Robert Hiltonsmith is a policy analyst for Demos, a public policy organization in Manhattan, and the author of the report "The Failure of the 401(k): How Individual Retirement Plans are a Costly Gamble for American Workers."
Lurking just below the surface of the recently concluded budget battle in Albany is perhaps an even bigger fight: a push to reform the state's pension systems. One of Gov. Andrew M. Cuomo's major campaign promises was to reduce pension costs, and Mayor Mike Bloomberg promised in his January State of the City address to make pension reform his "number one priority in Albany."
Though reform of the state's pension system is both inevitable and warranted, the governor's likely proposal for another new retirement tier and a clampdown on overtime will assuredly trigger renewed pressure to implement a much more radical, and dangerous, proposal: privatizing public employees' pension systems by converting them to individual 401(k)-type plans.
Five other states -- Florida, Kansas, North Dakota, Oklahoma and Virginia -- are considering the move to a 401(k)-only retirement system for their public employees, and six more -- Alaska, Colorado, Georgia, Michigan, Ohio and Utah -- have already done it. Their new systems haven't been in place long enough to determine how they are working.
But cheerleaders of shifting from the current defined-benefit public pension system to a defined-contribution plan argue that the former are unaffordable and that 401(k)-style systems are more efficient. They also argue that it's unfair for public-sector employees to get better retirement benefits than most private sector workers, who are picking up the tab with their taxes.
Claims of savings and fairness may sound right on the face of it. But privatizing state pension systems would be a disaster for both public employees and the citizens who pay their salaries. Pushing public workers into 401(k)s would just mean more citizens would face the likelihood of inadequate retirement income and future dependence on the social safety net.
Private sector firms began moving en masse to 401(k)s in the 1980s; the percentage of firms offering these plans as their sole retirement benefit tripled during that decade. Nowadays, for those workers who are lucky enough to receive retirement benefits at work, 70 percent have only a 401(k). This change had the effect of torpedoing retirement security for employees, whose retirement savings are generally only a fraction of what they need for a comfortable retirement.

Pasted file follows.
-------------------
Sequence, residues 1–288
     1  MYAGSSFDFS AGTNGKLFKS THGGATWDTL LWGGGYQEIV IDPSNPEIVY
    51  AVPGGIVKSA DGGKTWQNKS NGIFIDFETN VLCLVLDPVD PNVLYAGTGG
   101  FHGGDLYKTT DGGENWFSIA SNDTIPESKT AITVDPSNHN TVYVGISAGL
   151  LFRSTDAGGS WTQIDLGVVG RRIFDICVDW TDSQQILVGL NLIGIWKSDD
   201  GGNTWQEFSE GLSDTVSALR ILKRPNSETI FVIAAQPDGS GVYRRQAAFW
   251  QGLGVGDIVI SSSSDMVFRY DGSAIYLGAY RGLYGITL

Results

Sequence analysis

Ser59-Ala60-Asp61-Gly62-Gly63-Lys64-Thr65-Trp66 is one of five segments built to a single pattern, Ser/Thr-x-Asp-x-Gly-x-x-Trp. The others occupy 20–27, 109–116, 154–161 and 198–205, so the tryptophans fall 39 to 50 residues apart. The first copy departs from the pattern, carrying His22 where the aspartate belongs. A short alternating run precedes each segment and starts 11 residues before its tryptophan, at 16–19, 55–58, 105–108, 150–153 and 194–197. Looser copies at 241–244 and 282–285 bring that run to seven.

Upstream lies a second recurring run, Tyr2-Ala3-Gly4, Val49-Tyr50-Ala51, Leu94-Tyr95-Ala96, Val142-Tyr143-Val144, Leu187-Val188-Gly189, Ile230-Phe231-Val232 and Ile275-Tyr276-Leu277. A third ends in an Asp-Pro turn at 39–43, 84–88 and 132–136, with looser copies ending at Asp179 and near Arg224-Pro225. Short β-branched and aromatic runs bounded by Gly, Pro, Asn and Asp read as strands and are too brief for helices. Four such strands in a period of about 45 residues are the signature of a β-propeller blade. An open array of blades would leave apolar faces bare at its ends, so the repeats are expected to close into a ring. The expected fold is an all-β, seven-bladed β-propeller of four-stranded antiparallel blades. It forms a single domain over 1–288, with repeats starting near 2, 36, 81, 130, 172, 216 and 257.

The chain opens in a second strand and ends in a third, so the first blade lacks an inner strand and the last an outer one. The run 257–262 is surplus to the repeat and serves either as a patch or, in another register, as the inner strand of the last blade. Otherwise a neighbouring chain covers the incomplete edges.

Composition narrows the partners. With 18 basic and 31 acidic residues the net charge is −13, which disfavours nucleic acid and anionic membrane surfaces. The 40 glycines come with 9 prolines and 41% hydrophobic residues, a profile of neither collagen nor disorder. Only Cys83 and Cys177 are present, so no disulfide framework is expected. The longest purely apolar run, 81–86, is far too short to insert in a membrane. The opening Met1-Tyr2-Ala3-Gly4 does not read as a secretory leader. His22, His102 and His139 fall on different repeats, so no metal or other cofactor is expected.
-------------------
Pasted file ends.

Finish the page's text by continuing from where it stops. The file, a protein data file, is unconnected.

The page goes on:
So converting the state pension system to 401(k)-style plans would eviscerate retirement security for some of the few remaining workers who have any. Pension plans, in which contributions are pooled and invested in relatively safe, slow-growing funds, come with the state guarantee that a retired worker will maintain a certain income. And with the notable exception of the recent stock market decline, the state has been able to provide that guarantee without asking for extra contributions from municipalities.
In contrast, individual retirement-savings plans often come with inflated management fees and no protection from a sudden market downturn. They put workers' livelihoods in the hands of financial managers who, if the financial collapse is any indication, too often make risky bets for short-term gain.
Why are 401(k)-type plans such a bad idea for public and private employees alike? First, they're expensive. The exorbitant fees charged by firms that manage 401(k) accounts can cost private-sector workers a quarter or more of their retirement savings. Demos calculates that these fees can eat up more than $70,000 of an average private sector worker's lifetime earnings. For those lucky enough to get an employer contribution, additional fees can be applied.